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Big end journal alignment

Matty

Well Known and Active Forum Website User
VOC Member
The big end journal for a twin has two oil holes drilled along it into an annular groove which is filled with oil from the mainshaft. The oil then is fed to each big end.

Where should these holes be positioned (say by clock figures) with respect to the position of the crank at top dead centre when the crankshaft is assembled please - or does it really matter?
 

Matty

Well Known and Active Forum Website User
VOC Member
Thanks - the works drawing data seems to be much the same as information now kindly told to me by Alpha Bearings today, who said 3.00 oclock (90 degrees) from the vertical would be OK.

Presumably this would mean that the oil would be fairly evenly distributed from the two holes in the journal instead of being flung mostly out of a hole on the outside of the journal if it was at 12 oclock.

I'm not really sure however if it would make much difference - unless someone can explain why in terms that an electronic engineer might understand !!!
 

roy the mechanic

Well Known and Active Forum Website User
VOC Member
i have an alternative theory on this- with the oil appearing at 3 o'clock the work has already occured. a bit like bolting the stable door once the animal has escaped! i think,maybebetter, to have the oil appear before t.d.c, so that the oil is ready to help during the power stroke, at the time of maximum load. ford essex(3.0 litrev6) engines have the oil after t.d.c, they will not survive in a "hot "engine unless cross drilled to give oil as above. any one got some thing more? come on guys, this one is important.
 

Robert Watson

Well Known and Active Forum Website User
VOC Member
About 10 feet back from the clock, and in answer to the question you will ask next, --- around half past two
 

passenger0_0

Well Known and Active Forum Website User
VOC Member
With reference to Roy the Mechanics comments plain and rolling elemt bearings are two different beasts. Plain bearing motors use an oil film to form a dynamic wedge to prevent sliding metallic contact whilst a rolling element bearing has constant rolling mechanical contact and only requires lubrication for the cage and possibly for point of contact elastic deformation.
I have no knowledge of Ford Essex engines but know that it is difficult for oil to be forced against centrifugal force in a high speed engine. Vincents suck the oil into the crank through a low pressure created by the oil being flung from the big-end - this is why the oil feed quill is a loose fit in the crank since you dont want a good seal here It is likely that the positioning of the oil hole in a Vincet big-end pin is important not with consideration to the direction of load force but rather to prevent the oil from being flung out before it has been distibuted throughout the load bearing surfaces. Interesting discussion point for the forum and be interesting to hear other peoples point of view....... Cheers David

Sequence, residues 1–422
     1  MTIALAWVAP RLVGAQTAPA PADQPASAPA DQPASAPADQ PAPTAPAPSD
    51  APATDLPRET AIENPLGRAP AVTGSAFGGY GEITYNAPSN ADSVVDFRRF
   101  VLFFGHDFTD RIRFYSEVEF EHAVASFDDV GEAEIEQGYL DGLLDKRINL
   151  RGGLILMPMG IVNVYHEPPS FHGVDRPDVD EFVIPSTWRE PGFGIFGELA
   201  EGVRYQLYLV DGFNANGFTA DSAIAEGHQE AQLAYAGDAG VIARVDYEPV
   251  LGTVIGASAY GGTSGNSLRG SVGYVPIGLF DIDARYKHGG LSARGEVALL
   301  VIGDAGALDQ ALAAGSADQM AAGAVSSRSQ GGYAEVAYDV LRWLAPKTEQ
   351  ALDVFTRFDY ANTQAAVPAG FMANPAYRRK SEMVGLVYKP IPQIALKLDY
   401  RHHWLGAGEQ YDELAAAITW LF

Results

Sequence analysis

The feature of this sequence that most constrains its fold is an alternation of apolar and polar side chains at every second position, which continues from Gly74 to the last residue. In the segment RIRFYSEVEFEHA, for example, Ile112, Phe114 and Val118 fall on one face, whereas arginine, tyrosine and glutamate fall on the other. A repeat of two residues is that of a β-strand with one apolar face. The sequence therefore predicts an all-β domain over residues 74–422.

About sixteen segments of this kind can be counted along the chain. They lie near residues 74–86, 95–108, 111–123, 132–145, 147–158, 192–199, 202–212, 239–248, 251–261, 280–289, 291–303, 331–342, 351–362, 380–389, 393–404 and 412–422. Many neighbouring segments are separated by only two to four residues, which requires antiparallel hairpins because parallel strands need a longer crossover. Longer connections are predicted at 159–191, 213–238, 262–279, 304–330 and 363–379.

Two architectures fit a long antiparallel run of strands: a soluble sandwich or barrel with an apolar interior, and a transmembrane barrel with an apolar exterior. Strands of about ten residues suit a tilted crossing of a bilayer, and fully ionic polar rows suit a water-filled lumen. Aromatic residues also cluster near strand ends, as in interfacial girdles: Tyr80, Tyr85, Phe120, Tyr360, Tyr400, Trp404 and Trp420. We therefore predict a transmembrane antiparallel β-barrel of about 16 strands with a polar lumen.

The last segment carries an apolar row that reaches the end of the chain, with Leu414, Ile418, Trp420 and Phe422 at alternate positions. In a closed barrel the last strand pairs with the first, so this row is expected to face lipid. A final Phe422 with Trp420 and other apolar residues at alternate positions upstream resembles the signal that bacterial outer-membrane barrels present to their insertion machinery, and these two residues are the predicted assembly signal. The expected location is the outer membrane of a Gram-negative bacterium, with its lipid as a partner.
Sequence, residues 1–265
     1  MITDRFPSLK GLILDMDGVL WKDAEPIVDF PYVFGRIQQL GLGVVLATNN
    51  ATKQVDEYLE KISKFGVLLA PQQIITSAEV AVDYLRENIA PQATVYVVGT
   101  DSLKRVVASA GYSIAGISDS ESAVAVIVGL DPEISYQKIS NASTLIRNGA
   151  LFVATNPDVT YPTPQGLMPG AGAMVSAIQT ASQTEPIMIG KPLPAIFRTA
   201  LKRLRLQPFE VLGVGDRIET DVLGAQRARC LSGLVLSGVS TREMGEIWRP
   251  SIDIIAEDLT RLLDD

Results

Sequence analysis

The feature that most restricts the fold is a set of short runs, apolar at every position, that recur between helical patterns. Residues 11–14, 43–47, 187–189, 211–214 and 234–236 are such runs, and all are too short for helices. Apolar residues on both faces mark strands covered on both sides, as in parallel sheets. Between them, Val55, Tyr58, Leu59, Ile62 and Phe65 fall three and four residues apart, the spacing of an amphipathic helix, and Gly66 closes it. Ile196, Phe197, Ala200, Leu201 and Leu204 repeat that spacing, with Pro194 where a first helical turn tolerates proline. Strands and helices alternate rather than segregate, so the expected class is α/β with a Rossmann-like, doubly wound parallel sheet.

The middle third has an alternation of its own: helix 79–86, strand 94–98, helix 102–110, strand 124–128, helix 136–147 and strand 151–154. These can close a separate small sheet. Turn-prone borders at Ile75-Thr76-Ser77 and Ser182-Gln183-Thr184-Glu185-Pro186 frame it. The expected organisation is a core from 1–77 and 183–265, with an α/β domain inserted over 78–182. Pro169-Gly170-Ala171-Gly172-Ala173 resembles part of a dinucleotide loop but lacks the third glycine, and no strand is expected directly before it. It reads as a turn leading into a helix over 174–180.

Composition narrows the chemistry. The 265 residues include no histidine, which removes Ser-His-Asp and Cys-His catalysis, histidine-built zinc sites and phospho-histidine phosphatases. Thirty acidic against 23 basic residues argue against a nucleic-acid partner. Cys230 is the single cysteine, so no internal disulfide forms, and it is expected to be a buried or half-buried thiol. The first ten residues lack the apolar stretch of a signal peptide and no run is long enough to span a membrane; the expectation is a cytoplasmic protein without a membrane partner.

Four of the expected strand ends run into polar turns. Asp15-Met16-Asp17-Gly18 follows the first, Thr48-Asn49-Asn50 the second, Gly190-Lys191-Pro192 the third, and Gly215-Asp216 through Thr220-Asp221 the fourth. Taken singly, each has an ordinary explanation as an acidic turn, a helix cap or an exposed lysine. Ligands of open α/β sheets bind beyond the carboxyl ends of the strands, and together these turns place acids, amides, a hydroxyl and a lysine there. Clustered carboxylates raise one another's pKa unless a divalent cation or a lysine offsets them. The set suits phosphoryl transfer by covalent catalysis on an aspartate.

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Matty

Well Known and Active Forum Website User
VOC Member
Thanks again - on a twin there are of course 4 oil holes in the crank journal, two for each big end which are 180 degrees spaced. So in fact there is one oil hole at say 3 oclock and one at 9 oclock for each big end, if I position the journal as suggested. For a roller bearing I still can not see why it makes much difference where the holes are, as long as there is a good supply of oil to the bearing - after all a two stroke has no pressurised oil system and relies on the very small (50:1) amount of oil mixed with the petrol for roller bearing lubrication and these seem to be pretty reliable !!

On my Comet there is only one oil hole (I have old journals) but I do not know where it has been positioned because I did not assemble the flywheels, not having a lathe any more - I think at 12 o clock when I changed it in 2009 for one I bought from VOC spares.

When I last rebuilt the crank myself in 1957 (with Alpha Bearings) I did not know about any of this and just pressed it all back together. The bike has been used continuously since then on 20/50 oil with no problems -up to 2009 and even then it was not in a very bad state.

Thanks again.

Matty
 

Howard

Well Known and Active Forum Website User
VOC Member
Here's another take.

Perhaps the oil holes are not positioned at 3 o'clock (or 9 o'clock viewed from the south) because of oil flow, I can't see that it makes any difference when the oil reaches a rolling element bearing, as long as it reaches it in an adequate supply. I accept the theory about equal distribution (earlier) may have some credibility.

Perhaps they should be positioned where they cause the least weakening of the crankpin. Along the neutral axis at the point of maximum load? Please don't ask me to even guess where that might be on a twin, but I suspect 3 o'clock on a Comet would be about right.

I haven't given this a huge amount of thought, so be kind with your comments.

H
 
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